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Saturday, 19 August 2017

The Poisoned Sailor

A doctor is awakened in the middle of a rainy night by furious banging at his front door. If opened, a desperate, haggard-looking sailor will storm in, pleading for help. He rolls up his shirt’s sleeve, offering his horridly bulging arm for examination. Swelled and blackened, it appears to be affected by necrosis. The man begs for help, claiming he was poisoned by a rival.

“Duh bastar’ hates me guts cos my business runs strong, an’ he’s a lazy, warty ol’drunkar’ who can’t keep ep. He’s poison’ me drinks! Help me please, ain’t wanna die, oh Gawd!”

The arm responds to no medical treatment the doctor can come up with. Hospitals have no more success. The necrosis worsens by the hour.


1 The sailor is telling a half truth. The ‘rival’ isn’t simply jealous because of business competition, he’s seeking something the sailor has: an old trophy from a shipwreck, looking like a copper bracelet with intricate designs. The rival, actually a follower of Dagon, knows that it’s a piece of deep one jewellery, and badly wants it. Since the sailor refuses to part with it, the cultist has cursed the sailor, and will later contact the sailor for a bargain.

2 The sailor has tainted deep one blood, but is also cursed. His now-dead (human) mother found the strength of will to break free of the bonds imposed by her monstrous consort.

Furious by such unprecedent behaviour, the deep one asked Dagon to curse both she and any offspring she might have in the future. Any descendant would come to the world doomed to end his life, transformed into a ravenous human-eating monster, one far more horrible than the most degenerate deep one hybrid. Unfortunately for the sailor, the onset time for the transformation is over... but perhaps there is a way to reverse it.

3 The sailor really is poisoned, but it is incredibly potent. A creation of a serpent man sorcerer that the sailor had wronged. But how?

© Ricardo Christe


A sculptor has been found dead in his desolated atelier, right in front of his latest work. It appears to be a massive black marble statue of a body, though big parts are still unfinished. What irritates is that the body seems to have multiple legs, oversized arms and something that looks like wings extruding from the back.

The other works in the atelier are normal sculptures of people, animals etc., mostly done for commission. The sculptor was considered normal, perhaps a bit reclusive, but within the range of what people expect from an artist.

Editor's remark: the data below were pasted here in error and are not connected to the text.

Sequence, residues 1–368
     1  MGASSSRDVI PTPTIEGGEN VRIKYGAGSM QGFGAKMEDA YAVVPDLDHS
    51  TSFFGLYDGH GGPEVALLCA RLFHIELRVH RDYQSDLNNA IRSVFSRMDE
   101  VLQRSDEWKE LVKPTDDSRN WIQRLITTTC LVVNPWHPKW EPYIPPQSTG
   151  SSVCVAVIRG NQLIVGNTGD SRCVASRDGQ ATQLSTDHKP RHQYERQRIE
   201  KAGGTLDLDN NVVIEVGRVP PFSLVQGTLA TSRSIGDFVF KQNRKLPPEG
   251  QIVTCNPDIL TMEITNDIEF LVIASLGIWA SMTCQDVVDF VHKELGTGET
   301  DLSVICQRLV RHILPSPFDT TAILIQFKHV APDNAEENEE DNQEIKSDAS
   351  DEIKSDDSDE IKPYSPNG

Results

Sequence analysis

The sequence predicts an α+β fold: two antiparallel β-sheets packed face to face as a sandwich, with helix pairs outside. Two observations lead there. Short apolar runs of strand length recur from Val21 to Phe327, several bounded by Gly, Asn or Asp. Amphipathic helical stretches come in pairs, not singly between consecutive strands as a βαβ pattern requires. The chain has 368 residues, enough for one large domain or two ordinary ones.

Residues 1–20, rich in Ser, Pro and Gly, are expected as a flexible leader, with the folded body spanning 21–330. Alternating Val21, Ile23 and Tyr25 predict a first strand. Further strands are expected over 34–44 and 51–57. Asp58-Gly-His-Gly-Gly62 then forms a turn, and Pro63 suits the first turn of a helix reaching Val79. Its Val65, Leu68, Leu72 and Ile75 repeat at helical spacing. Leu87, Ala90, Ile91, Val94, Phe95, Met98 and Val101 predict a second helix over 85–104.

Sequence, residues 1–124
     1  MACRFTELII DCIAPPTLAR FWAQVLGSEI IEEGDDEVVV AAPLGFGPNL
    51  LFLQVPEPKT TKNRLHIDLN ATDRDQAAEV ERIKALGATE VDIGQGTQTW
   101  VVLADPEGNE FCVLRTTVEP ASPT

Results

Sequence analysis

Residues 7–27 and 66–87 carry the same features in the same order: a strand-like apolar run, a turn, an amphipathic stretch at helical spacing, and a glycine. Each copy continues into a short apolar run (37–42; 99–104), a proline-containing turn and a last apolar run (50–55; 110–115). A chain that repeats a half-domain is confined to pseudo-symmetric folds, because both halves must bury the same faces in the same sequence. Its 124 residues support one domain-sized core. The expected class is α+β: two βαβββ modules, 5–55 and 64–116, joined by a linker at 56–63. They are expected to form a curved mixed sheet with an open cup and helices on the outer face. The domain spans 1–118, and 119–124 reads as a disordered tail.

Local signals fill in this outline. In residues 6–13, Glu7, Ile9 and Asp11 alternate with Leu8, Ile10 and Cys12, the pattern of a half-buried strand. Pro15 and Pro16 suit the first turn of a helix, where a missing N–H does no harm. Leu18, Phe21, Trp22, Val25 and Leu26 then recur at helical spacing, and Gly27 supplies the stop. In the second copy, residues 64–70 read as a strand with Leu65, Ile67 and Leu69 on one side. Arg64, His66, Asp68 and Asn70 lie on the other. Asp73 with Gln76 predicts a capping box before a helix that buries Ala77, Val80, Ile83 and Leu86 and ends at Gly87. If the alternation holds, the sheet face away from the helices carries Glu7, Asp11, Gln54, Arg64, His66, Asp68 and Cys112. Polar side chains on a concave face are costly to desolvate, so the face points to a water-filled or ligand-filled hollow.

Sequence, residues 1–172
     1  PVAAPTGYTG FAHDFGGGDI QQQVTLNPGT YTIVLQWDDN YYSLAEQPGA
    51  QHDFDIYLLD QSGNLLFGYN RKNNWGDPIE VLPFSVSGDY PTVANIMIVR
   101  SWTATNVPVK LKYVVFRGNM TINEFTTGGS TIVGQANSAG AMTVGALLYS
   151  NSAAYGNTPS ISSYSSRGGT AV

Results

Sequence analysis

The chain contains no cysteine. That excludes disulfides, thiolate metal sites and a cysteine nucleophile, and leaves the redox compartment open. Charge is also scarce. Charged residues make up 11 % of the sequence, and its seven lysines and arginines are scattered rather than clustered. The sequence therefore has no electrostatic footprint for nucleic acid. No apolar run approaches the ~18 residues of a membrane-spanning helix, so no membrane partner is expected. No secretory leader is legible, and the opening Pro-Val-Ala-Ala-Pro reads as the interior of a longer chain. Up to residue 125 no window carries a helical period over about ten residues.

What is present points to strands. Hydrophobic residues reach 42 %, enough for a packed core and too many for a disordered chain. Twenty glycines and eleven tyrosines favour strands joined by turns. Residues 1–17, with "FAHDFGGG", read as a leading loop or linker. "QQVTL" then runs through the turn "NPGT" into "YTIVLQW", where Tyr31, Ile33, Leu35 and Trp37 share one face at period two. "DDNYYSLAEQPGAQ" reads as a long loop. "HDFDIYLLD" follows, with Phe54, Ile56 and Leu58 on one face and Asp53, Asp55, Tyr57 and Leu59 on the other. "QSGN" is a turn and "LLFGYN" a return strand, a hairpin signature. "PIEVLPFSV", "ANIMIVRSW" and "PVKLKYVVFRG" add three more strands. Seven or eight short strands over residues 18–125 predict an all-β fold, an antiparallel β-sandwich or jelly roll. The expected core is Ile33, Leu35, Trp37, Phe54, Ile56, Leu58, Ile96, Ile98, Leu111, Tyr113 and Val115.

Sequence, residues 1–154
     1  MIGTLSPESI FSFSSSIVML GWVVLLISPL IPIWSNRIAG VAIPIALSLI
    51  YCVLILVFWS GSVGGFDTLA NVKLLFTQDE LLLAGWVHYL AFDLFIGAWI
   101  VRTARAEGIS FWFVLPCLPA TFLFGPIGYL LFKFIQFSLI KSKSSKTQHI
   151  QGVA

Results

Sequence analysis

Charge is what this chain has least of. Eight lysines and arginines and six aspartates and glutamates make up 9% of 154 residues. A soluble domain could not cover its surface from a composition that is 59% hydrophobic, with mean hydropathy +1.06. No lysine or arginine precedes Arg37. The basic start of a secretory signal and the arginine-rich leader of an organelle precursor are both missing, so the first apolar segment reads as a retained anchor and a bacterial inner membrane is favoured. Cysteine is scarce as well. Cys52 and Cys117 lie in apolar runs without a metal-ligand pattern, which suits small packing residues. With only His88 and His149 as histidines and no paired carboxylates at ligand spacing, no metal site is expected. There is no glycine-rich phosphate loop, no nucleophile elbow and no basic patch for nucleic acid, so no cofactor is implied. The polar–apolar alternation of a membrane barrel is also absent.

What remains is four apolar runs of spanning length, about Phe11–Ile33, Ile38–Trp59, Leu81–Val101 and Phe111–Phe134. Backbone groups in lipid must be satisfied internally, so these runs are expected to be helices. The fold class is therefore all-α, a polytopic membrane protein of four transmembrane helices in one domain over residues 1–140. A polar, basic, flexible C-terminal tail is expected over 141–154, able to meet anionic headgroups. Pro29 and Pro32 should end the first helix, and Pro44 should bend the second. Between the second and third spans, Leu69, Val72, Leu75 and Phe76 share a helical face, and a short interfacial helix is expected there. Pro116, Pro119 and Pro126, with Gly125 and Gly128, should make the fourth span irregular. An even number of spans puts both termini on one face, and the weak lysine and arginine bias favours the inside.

1 The sculptor was a gambler and in high debt. He got an offer from the leader of a circle worshipping an ancient entity to secretly create a sculpture of this being for a high sum of money. Unfortunately, the criminal elements he owed money wouldn’t wait any longer, it came to a fight in his atelier and he died. The circle leader, when becoming aware of the sculptor’s death, considers this an affront against his cult and has taken measures to punish the murderers while trying to get possession of the statue...

2 The sculptor created the statue after the image of a creature he repeatedly saw in his recurring nightmares. The sculpture became alive by night and started walking around in its unfinished form on its stumps. When the artist realized, he tried to destroy the sculpture, but the being killed him. It still becomes alive at night...

3 If inspected more closely, it becomes apparent that the artist did not try to create a sculpture of a strange creature - but rather there is a creature enclosed in the marble. When the artist started to work on his next sculpture for a rich noble, the creature awakened and, after a short mental struggle, took control of the sculptor’s mind to carefully free it from its prison. Unfortunately, longer mental contact with the creature proved to be deadly for the sculptor. The creature still longs for its freedom...

© Philipp Mählmann

Saturday, 22 July 2017

The Attic Window

On the top floor of that long-abandoned house with the shady history is a coffin-shaped window. The house has an ill reputation; its last owner supposedly practised black magic and was murdered in the room behind that curious window 30 years ago. The murder was never solved.

The window itself is supposed to be haunted. It is whispered that the dead owner is sometimes seen in it, and strange lights shine from it by night.

An urban legend says that if you look through the window from the inside, the world outside would look strange and wrong.

Breaking into the house and looking through the window has now become a teenage rite-of-passage. But be careful, for you can go mad if you are unlucky...


1 The windows glass has a strange, but unmagical, ability to store images (and to a degree, sound). The images are replayed from time to time, sometimes long after they were imprinted. Some images are repeated time after time, others appear only once. (This is how the long-dead owner is seen.) If you look through the window from the inside, you can might see the street as seen long ago.